Friday, October 10, 2008

Macrobiotic Diet Simplified: The Key to Life

In today’s over processed, under nourished, one-step, two-bite, quick and easy food world, it’s no wonder something like the Macrobiotic Diet seems strange and complicated. But the truth of the matter is that it’s the root of eating.

The term comes from Greek, "macro" meaning "large"
or "long", and "bios" meaning "life", and was first coined by Hippocrates, the father of western medicine. The diet as we know it today comes philosopher-writer George Ohsawa who adopted the term and drew from Chinese and Japanese folk medicine to create his version of this traditional philosophy of health. His teachings came by way of Japan then Europe to North American in the 1950’s where his most prominent student, Michio Kushi spread its wings.1

At first glace, the ever-knowledgeable Wikipedia, describes macrobiotics as:

“Eating grains as a staple food supplemented with other foodstuffs such as vegetables and beans, and avoiding the use of highly processed or refined foods. Macrobiotics also addresses the manner of eating, by recommending against overeating, and requiring that food be chewed thoroughly before swallowing.”1

Correct me if I’m wrong but isn’t this the way we humans are supposed to eat? Westernization brought with it a resistance of the traditional Eastern beliefs of the Orient but it seems now they may have been onto something all along. Rather than just another diet fad, macrobiotics concentrates also on a way of living, of maintaining a yin and yang in all we do. Aren’t people in America always striving for balance?

If so, simply follow these rules:
Chew your food! Breaking up the groups between 25-30% whole grains, especially brown rice, 30-40% vegetables, 5-10% beans and legumes, and the remaining percentage comprised of an assortment of fish, miso soup, nuts and seeds, fruits, and naturally processed foods.
Cook seasonally, with lighter dishes featured in the warmer months and richer dishes in colder months.
BALANCE: Avoid over stimulating the body (YIN) through things like sugar alcohol and coffee, while staying away from stagnant (YANG) foods like meat, poultry, eggs, and refined salt.

It is believed that, according to a proponent, if one “eats foods that are whole, local and in season, that the body get the perfect yin-ness and yang-ness needed for the natural environment. In harmony with nature, one can experience strength, flexibility, freedom and happiness.”2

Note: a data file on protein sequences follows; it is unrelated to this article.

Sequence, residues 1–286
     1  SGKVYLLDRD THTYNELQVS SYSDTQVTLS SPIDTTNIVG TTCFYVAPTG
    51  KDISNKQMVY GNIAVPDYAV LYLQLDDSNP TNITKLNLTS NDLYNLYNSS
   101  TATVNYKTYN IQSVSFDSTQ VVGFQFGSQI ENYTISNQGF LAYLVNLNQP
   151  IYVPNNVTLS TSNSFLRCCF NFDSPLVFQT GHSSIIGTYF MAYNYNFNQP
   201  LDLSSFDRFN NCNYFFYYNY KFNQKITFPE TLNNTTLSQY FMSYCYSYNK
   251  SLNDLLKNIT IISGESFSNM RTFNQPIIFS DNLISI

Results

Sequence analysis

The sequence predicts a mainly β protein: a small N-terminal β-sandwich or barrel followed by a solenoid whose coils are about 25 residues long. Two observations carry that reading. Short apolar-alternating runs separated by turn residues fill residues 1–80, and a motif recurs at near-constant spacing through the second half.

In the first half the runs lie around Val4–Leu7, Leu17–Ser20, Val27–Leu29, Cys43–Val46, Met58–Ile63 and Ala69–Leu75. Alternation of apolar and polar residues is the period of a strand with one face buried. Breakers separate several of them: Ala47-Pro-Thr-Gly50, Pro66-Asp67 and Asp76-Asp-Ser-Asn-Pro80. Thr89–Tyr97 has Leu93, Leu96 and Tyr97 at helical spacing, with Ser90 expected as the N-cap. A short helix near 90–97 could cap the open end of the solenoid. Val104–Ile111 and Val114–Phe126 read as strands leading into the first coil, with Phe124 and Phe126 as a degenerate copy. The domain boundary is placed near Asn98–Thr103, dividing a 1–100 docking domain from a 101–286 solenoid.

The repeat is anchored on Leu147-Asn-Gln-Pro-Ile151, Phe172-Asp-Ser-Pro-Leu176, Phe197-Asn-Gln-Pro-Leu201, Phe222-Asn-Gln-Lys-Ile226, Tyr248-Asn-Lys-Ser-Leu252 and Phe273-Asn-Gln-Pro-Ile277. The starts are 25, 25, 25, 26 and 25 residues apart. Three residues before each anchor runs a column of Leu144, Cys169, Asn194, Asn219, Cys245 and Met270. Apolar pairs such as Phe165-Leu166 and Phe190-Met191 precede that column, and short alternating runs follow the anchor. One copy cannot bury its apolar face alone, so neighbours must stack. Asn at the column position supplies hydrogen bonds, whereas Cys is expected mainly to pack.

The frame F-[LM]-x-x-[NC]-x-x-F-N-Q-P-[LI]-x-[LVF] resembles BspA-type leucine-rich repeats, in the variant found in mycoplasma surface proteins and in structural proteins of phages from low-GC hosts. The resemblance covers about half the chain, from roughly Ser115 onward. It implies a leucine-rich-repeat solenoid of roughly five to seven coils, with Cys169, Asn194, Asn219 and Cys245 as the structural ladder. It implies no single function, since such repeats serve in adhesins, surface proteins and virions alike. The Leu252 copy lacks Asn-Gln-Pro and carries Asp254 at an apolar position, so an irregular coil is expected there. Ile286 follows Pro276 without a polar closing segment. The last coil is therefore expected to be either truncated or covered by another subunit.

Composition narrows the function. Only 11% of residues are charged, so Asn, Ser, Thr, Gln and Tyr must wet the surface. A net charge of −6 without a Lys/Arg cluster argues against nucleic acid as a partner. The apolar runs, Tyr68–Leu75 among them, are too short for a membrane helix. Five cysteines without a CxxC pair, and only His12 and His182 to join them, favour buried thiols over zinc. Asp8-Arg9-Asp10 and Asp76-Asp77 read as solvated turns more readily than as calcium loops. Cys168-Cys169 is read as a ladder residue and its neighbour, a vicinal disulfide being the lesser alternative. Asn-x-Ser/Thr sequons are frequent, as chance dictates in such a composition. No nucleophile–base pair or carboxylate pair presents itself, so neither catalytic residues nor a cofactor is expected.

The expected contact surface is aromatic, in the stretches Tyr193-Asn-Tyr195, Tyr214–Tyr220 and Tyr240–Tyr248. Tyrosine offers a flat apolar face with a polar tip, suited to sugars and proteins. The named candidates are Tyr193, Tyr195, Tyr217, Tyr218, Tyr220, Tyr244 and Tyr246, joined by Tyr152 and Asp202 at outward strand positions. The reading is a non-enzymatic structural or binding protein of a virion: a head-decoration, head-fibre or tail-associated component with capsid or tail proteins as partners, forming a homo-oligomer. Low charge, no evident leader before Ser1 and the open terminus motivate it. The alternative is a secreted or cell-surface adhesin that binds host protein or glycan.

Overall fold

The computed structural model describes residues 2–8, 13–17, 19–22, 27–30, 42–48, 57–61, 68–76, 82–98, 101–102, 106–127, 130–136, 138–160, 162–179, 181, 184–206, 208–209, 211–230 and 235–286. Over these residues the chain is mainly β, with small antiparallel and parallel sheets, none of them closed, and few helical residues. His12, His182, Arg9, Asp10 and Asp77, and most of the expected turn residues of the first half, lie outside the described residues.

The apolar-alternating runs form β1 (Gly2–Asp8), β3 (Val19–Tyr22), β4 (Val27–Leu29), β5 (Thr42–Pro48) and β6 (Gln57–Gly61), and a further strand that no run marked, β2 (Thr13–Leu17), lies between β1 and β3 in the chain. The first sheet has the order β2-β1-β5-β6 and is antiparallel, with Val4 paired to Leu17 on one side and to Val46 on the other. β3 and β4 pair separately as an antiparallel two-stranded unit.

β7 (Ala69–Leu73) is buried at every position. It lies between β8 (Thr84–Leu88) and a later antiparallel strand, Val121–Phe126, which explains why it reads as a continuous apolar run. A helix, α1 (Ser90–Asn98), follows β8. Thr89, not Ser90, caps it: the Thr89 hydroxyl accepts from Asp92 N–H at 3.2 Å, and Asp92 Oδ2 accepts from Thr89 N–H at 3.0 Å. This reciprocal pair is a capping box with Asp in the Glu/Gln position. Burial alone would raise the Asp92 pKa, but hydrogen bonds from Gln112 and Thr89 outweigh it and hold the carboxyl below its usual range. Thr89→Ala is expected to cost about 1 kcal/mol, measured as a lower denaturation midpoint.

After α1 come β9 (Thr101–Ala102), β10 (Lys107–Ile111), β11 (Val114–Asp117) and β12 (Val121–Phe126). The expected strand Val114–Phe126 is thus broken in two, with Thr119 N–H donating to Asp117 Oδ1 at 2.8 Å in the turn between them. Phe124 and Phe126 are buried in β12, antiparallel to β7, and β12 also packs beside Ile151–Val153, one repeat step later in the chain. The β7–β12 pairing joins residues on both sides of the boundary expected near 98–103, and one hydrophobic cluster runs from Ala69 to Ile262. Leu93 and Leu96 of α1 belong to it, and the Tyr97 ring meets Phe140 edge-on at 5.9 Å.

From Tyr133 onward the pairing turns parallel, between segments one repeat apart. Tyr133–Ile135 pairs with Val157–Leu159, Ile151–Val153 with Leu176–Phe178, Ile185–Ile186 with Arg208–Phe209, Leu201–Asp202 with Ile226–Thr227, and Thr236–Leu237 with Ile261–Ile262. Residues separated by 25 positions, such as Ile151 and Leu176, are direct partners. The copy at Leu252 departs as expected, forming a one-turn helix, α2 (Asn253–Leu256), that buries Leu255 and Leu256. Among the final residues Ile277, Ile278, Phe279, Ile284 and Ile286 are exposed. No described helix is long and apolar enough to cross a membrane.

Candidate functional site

On the surface Macrobiotics appears similar to the vegan diet. The main differences being that most meats and fishes aren’t ruled out and macrobiotics encourages an active and positive life and mental outlook with its diet as well. Indulgences are allowed since healthy eating on a daily basis is the norm. Further, macrobiotics has ties in alternative healing. Many believe the restrictive diet is helpful to ailments and diseases like cancer, though this has never been proven. One of the elements that is a little outdated, however, is the promotion of tobacco, said to be helpful as a part of this diet, but something we know by now to be harmful.

As a cook and “foodie” (I try to avoid those words but can’t yet call myself a chef), I don’t like to rule anything out of my repertoire, especially “nightshade” vegetables which macrobiotics warns against, including tomatoes, eggplant, beets and avocado, all things essential to my personal diet. But I appreciate the essence of macrobiotics and embrace the idea that we are what we eat. In the midst of the attention food is getting these days with laws against trans-fats and a return to organic, healthy eating habits, it is no wonder Macrobiotics is once again drawing crowds. My hat goes off to those that have been able to maintain this lifestyle all along while the rest of us were stuck with deli sandwiches and fast food. I guess there’s a reason this diet is over 5000 years old.

1. http://en.wikipedia.org/wiki/Macrobiotic_diet
2. http://www.hipchicksmacrobiotics.com/faq.html
3. http://library.thinkquest.org/03oct/00059/showing_kushi.htm

Written by Andrea Scalici

1 comment:

Molly said...

Another great article by Andrea!